David Bourget (Western Ontario)
David Chalmers (ANU, NYU)
Rafael De Clercq
Jack Alan Reynolds
Learn more about PhilPapers
Critical Review of International Social and Political Philosophy 15 (5):667-685 (2012)
A range of developing countries and international advocacy organizations have argued that wealthy countries, as a result of their greater historical contribution to human-induced climate change, owe a ?climate debt? to poor countries. Critics of this argument have claimed that it is incoherent or morally objectionable. In this essay we clarify the concept of climate debt and assess its value for conceptualizing responsibilities associated with global climate change and for guiding international climate negotiations. We conclude that the idea of a climate debt can be coherently formulated, and that while some understandings of the idea of climate debt could lead to morally objectionable conclusions, other accounts would not. However, we argue that climate debt nevertheless provides an unhelpful frame for advancing global justice through international climate negotiations ? the only existing means of resolving political conflict over the collective action problems posed by human-induced climate change ? due to its retrospective and potentially adversarial emphasis, and to problems of measurement
|Keywords||climate justice responsibility|
|Categories||categorize this paper)|
Setup an account with your affiliations in order to access resources via your University's proxy server
Configure custom proxy (use this if your affiliation does not provide a proxy)
|Through your library|
References found in this work BETA
Christian Barry (2005). Applying the Contribution Principle. Metaphilosophy 36 (1-2):210-227.
Christian Barry & Lydia Tomitova (2007). Fairness in Sovereign Debt. Ethics and International Affairs 21 (s1):41-79.
Simon Caney (2009). Justice and the Distribution of Greenhouse Gas Emissions. Journal of Global Ethics 5 (2):125-146.
Carl F. Cranor (1990). Some Moral Issues in Risk Assessment. Ethics 101 (1):123-143.
Stephen Mark Gardiner (2001). The Real Tragedy of the Commons. Philosophy and Public Affairs 30 (4):387–416.
Citations of this work BETA
Jonathan Pickering, Steve Vanderheiden & Seumas Miller (2012). “If Equity’s in, We're Out”: Scope for Fairness in the Next Global Climate Agreement. Ethics and International Affairs 26 (4):423-443.
Ramon Das (2014). Has Industrialization Benefited No One? Climate Change and the Non-Identity Problem. Ethical Theory and Moral Practice 17 (4):747-759.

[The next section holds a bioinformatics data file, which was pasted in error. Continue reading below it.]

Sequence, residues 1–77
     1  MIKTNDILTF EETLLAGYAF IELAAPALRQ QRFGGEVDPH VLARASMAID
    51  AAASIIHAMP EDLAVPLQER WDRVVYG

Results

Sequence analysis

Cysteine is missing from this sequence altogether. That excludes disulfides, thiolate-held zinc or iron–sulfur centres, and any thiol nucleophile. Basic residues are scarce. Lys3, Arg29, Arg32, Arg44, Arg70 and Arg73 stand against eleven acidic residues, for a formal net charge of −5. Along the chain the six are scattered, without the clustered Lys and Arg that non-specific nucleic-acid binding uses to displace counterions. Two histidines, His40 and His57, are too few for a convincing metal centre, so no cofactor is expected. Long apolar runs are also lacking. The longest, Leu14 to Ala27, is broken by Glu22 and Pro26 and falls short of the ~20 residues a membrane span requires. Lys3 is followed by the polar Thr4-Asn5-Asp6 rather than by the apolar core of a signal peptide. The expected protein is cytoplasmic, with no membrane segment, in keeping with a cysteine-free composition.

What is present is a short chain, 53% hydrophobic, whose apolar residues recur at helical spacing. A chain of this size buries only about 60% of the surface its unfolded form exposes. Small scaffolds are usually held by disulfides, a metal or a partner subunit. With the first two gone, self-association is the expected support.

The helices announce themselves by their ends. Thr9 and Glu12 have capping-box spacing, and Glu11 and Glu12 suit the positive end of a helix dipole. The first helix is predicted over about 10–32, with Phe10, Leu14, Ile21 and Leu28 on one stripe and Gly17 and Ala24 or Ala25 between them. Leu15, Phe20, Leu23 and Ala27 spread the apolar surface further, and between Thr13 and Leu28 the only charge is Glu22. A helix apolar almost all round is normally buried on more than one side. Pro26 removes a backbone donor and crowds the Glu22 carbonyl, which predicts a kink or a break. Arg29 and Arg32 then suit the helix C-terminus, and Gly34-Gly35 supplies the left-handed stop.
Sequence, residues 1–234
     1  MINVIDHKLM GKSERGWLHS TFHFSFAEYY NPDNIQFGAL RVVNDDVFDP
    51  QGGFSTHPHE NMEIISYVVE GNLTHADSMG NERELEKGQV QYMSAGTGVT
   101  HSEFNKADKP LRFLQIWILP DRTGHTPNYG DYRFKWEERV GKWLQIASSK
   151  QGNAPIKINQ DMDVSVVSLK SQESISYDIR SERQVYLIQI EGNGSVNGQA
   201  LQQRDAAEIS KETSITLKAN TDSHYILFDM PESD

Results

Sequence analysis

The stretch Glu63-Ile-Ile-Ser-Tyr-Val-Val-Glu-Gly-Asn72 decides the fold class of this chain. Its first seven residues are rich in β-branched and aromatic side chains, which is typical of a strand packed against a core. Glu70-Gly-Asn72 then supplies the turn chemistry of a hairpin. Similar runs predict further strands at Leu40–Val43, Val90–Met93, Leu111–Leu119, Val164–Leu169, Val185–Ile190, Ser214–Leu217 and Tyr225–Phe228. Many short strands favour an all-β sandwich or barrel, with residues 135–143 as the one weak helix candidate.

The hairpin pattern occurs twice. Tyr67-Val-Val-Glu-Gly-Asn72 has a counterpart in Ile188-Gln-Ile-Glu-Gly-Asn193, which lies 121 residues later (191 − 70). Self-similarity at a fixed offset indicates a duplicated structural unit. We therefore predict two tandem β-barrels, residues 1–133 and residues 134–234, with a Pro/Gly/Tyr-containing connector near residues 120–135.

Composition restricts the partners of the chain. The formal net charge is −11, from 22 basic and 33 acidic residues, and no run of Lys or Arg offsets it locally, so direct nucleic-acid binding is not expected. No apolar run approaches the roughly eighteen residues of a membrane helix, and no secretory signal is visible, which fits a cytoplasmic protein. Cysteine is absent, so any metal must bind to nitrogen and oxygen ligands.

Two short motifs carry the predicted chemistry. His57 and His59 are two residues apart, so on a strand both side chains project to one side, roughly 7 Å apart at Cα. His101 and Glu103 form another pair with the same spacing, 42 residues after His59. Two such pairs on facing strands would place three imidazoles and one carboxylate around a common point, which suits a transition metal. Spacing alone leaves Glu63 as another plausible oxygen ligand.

Similar books and articles
Duane Windsor (2009). Global Justice and Global Climate Change. Proceedings of the International Association for Business and Society 20:23-34.
Melany Banks (2013). Individual Responsibility for Climate Change. Southern Journal of Philosophy 51 (1):42-66.
Sarina Keller (2010). Scientization: Putting Global Climate Change on the Scientific Agenda and the Role of the IPCC. [REVIEW] Poiesis and Praxis 7 (3):197-209.
Dan C. Shahar (2009). Justice and Climate Change: Toward a Libertarian Analysis. The Independent Review 14 (2):219-237.
Dale Jamieson (2010). Climate Change, Responsibility, and Justice. Science and Engineering Ethics 16 (3):431-445.
Stephen M. Gardiner, Simon Caney, Dale Jamieson & Henry Shue (2010). Climate Ethics: Essential Readings. OUP USA.
Ben Saul & Jane McAdam, An Insecure Climate for Human Security? Climate-Induced Displacement and International Law.
Trish Glazebrook (2011). Women and Climate Change: A Case-Study From Northeast Ghana. Hypatia 26 (4):762-782.
Rosemary Lyster, Chasing Down the Climate Change Footprint of the Public and Private Sectors: Forces Converge - Part I.
S. Matthew Liao, Anders Sandberg & Rebecca Roache (2012). Human Engineering and Climate Change. Ethics, Policy and Environment 15 (2):206 - 221.
Christopher Michaelson (2011). Morally Differentiating Responsibility for Climate Change Mitigation. Business and Professional Ethics Journal 30 (1-2):113-136.
Deborah Vidaver-Cohen (1998). Moral Climate in Business Firms: A Conceptual Framework for Analysis and Change. [REVIEW] Journal of Business Ethics 17 (11):1211-1226.
Added to index2012-03-29
Total downloads202 ( #2,409 of 1,096,467 )
Recent downloads (6 months)32 ( #2,577 of 1,096,467 )
How can I increase my downloads?